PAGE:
Unless your fans of Wil Wheaton, I hear he doesn't sleep much. And he's much better at the whole nerd thing.
But anyways! In between raising a baby, I've managed to sneak in a little bit of time playing some titles that are either new-ish or new to me, and I wanted to give a quick report. Later on I might try for a longer piece on Guardians of the Galaxy (or maybe not, that's kind of old news now), and I've also been reading a slew of comics that I haven't posted about yet.
This makes random encounters generally pretty easy -- spam Brave on every character, they get four attacks in a row and can generally wipe anything out in one turn. For bosses, however, it becomes a gambit -- when you're low on health and not sure if you should try an all out attack and hopefully kill the big bad, or play it safe so you can defend and heal and keep whittling away... I believe there are more combos as you get later in the game, but up to chapter three, it has stayed fairly mundane.
Character classes are run on a job system, similar to a Final Fantasy Tactics -- any of your four characters can learn a different class on a whim, as long as you've unlocked it. There seems to be a decent amount of jobs, which is good. There are a couple of points where Bravely Default has twisted this system as well. Each character can use skills from their current job and the skills from one other job they've learned. And they can use support abilities from any jobs that they've learned them in. This helps to create diverse characters and promotes switching jobs often. There is a feature, called "Abilink," that allows you to pair up your character with one of your 3DS friends accounts, which gives them access to any skills that player has learned in the chosen job. At first I thought this was pretty interesting, but it almost makes developing classes pointless if you've got friends (as I do) that have all abilities unlocked for all jobs...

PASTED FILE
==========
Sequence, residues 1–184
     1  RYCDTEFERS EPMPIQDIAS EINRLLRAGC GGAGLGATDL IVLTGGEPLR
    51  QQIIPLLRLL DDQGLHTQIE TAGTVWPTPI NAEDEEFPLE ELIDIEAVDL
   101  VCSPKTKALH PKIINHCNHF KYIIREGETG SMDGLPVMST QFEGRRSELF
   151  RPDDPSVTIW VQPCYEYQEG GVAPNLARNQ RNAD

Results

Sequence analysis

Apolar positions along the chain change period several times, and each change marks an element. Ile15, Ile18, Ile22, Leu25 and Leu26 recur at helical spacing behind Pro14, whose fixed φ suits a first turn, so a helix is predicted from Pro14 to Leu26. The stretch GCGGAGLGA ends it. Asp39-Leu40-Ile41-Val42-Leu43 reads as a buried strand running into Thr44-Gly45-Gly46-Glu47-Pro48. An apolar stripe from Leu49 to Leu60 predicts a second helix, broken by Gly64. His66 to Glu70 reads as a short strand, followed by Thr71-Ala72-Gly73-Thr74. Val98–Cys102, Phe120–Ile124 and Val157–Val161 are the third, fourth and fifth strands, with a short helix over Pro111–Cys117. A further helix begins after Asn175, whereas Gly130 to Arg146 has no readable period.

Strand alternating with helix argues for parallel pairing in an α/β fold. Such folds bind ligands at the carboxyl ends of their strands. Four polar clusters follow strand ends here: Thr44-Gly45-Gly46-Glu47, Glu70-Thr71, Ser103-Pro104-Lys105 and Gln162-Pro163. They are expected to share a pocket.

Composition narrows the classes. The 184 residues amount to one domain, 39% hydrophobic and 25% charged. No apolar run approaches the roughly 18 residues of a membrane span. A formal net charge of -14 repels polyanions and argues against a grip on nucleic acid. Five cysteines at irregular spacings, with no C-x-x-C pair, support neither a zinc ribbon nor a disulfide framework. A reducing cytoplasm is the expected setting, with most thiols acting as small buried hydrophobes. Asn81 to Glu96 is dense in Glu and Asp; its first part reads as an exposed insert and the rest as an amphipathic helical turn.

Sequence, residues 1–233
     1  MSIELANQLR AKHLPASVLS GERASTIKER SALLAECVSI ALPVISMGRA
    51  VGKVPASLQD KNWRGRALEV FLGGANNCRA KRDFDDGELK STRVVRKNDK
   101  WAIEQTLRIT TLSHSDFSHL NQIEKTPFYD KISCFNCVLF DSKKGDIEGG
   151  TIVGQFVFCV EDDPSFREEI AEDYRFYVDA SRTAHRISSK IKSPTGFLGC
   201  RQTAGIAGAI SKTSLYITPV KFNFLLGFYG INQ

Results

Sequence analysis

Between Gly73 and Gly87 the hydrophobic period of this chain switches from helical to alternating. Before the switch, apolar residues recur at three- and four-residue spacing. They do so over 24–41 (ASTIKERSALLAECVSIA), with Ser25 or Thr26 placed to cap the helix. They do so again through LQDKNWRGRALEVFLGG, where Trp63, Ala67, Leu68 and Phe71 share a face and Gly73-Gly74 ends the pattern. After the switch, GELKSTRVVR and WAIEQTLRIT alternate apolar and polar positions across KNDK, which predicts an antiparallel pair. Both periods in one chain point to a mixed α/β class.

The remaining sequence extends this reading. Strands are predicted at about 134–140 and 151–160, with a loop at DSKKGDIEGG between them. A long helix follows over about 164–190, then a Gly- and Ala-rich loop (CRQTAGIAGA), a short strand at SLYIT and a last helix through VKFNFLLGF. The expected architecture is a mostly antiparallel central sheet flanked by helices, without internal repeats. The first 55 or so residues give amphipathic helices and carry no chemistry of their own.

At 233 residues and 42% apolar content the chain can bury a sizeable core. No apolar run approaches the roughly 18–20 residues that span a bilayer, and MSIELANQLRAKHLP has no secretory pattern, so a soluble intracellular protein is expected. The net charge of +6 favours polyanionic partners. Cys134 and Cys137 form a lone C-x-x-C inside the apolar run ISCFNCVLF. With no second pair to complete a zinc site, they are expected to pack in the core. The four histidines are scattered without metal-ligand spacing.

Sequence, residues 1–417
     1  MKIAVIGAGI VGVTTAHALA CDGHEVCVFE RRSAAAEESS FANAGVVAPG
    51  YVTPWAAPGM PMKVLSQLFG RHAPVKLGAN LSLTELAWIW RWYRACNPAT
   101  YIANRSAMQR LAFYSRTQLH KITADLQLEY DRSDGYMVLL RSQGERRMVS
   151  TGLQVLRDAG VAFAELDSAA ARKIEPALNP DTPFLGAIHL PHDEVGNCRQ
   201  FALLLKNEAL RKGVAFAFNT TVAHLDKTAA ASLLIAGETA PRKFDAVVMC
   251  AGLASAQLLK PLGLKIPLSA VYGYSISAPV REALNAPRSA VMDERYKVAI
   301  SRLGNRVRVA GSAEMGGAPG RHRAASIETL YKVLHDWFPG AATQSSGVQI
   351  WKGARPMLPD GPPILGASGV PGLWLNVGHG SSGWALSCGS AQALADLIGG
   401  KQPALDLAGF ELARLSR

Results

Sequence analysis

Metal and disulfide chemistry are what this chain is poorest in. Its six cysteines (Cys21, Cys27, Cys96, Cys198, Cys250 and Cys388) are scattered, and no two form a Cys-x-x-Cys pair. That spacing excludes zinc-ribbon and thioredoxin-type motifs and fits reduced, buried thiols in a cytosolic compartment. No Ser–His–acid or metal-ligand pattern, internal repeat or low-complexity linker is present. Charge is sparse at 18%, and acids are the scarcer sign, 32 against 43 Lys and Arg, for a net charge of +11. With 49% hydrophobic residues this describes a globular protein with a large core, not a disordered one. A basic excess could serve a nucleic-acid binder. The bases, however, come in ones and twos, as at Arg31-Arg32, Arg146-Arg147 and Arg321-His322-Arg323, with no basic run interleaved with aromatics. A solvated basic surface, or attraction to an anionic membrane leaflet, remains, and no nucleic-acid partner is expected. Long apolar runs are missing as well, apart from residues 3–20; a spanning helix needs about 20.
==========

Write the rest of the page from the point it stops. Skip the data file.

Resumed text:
Speaking of friends helping you in game, you're also able to "summon" them if they've uploaded an attack to the internet. To upload an attack, you choose the "Send" option and then make an attack -- it's stored on your profile until you record another one, and players can use it as a one-off until they record another (and you download it again). This is another thing that can trivialize the game -- I tested it on an early boss and defeated them in the single attack...
|Orcs must die, amirite?|
The game has gone a long way to be more accessible to new players and to promote connecting to others. And these features are completely optional. So I don't have any reason to complain, but I do wish there was a different method of player interaction that didn't feel game-breaking. But I appreciate what they've done with it.